Edible flowers: Adding color, flavor and fun to your dinner plate
Adding edible flowers to your summer meals is colorful, fun and can be nutritious.
June 10, 2015 - Author: Dixie Sandborn, Michigan State University Extension
This may seem like a new “foodie” trend, but eating flowers is not a new trend at all. The culinary use of flowers dates back thousands of years with the first recorded mention in 140 B.C. People throughout history have incorporated flowers into their cuisine and flowers still appear in many traditional foods throughout the world. For example, oriental dishes make use of daylily buds and Romans used mallow, rose and violets. Italian and Hispanic cultures are known for stuffing squash blossoms and Asian Indians use rose petals in many recipes. Dandelions were one of the bitter herbs mentioned in the Bible, and Chartreuse, a classic green liqueur produced in France in the 17th century, used carnation petals as a “secret ingredient.”
Some other recorded uses of flowers include Victorians using candied violets to decorate desserts. A quick Pinterest search will confirm this is quite trendy today too. During the Renaissance, a common beverage served at plays was rose-petal water and stewed primroses. In more recent history, bee balm was used as a tea substitute during the Boston Tea Party of 1773.
As well as adding visual interest, some flowers have nutritional value and many have long been used for their medicinal qualities. Michigan State University Extension suggests these 10 basic tips to enjoying edible flowers:
- Eat flowers only if you are absolutely positive they are edible. Many books and several websites have lists of edible flowers. Two great books to consider are “The Edible Flower Garden: From Garden to Kitchen: Choosing, Growing and Cooking Edible Flowers” by Kathy Brown and “The Edible Flower Garden (Edible Garden Series)” by Rosalind Creasy. You can also go to Garden.org and read the online article, “Growing Edible Flowers in Your Garden.”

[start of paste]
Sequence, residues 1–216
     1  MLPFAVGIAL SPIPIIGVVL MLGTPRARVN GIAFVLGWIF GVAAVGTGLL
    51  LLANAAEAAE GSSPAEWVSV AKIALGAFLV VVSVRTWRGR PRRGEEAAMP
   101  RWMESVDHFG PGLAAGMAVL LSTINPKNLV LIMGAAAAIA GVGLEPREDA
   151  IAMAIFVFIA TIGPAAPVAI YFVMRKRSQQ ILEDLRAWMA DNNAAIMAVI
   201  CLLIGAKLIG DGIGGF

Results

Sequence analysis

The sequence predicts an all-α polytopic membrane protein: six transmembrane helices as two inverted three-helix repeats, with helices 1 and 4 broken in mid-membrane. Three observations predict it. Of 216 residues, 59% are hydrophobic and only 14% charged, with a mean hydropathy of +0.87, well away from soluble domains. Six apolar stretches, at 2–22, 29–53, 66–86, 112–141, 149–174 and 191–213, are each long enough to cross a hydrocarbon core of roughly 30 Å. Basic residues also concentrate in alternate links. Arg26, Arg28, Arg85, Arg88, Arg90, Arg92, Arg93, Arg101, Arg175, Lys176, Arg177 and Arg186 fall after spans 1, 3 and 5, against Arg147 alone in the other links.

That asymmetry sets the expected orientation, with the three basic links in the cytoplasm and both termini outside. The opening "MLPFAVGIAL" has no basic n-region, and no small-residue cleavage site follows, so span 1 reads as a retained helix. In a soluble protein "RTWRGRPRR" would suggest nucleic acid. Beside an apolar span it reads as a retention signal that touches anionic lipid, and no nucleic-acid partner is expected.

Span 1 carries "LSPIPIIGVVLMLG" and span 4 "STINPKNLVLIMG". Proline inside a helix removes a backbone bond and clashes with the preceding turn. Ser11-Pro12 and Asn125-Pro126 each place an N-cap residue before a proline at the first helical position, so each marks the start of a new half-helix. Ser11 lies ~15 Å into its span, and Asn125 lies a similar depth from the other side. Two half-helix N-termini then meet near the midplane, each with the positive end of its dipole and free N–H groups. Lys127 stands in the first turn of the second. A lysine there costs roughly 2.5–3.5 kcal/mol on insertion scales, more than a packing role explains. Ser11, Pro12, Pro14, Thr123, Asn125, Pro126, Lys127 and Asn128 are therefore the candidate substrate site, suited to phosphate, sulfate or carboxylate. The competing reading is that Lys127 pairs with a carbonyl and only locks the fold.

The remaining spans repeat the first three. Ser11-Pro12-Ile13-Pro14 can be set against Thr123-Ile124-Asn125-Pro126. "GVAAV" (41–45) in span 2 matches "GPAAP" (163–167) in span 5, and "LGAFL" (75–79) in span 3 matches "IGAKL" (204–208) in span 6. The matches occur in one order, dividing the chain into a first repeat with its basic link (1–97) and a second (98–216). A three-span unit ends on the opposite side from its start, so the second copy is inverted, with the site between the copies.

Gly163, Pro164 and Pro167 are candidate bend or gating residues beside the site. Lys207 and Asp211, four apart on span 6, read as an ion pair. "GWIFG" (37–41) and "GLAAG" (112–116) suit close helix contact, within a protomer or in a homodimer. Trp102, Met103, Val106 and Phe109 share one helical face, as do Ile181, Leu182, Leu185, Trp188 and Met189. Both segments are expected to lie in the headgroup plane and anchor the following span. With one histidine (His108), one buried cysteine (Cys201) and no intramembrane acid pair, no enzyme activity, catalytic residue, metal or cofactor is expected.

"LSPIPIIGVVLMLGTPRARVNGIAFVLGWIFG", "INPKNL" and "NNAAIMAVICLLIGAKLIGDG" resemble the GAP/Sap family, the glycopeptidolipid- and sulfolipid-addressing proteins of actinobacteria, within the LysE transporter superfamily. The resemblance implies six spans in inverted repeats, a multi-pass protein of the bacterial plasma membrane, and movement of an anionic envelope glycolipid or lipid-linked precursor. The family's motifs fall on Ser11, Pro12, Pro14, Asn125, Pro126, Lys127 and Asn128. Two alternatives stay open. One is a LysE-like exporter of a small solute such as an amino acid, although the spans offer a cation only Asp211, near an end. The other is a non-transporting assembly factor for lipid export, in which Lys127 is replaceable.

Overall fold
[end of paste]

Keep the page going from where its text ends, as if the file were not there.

- Do not eat flowers that have been sprayed with any type of chemicals. Simply washing flowers does not always wash off chemicals. The best thing to do is to grow your own flowers without using chemicals.
- Never eat flowers from a flower shop, nursery or garden center as they may have been sprayed with chemicals.
- Never pick flowers from the side of the road to eat as they may have been sprayed with chemicals and may contain particles of car exhaust.
- When growing your own flowers, always wash flowers with water before eating and look closely for bugs.
- Make sure the pistils and stamen are removed and eat only the flower petals.
- Eat only one type of flower at a time and only eat a few at a time. Do not consume a whole bunch of flowers at once.
- The best time to pick flowers to eat is in the morning after the dew has evaporated. If flowers have long stems, you can put them in water in the refrigerator. If flowers are small, put them in a re-sealable zipper storage bag with a moist paper towel and then place in the refrigerator. Use the flowers as soon as possible.
- As flowers grow older they sometimes develop a bitter taste, so if possible pick young flowers or flower buds.
- Enjoy! Flowers have different flavors that are not like other foods we eat. Be adventurous and try flowers in different foods.
“Choosing and Using Edible Flowers” from North Carolina State University is a great resource that explains the uses of edible flowers. Some of these uses include:
- Chip or vegetable dip
- Cake and cookie decorations
- Fancy ice cubes
Have fun adding flowers to your meals for a colorful, tasty treat!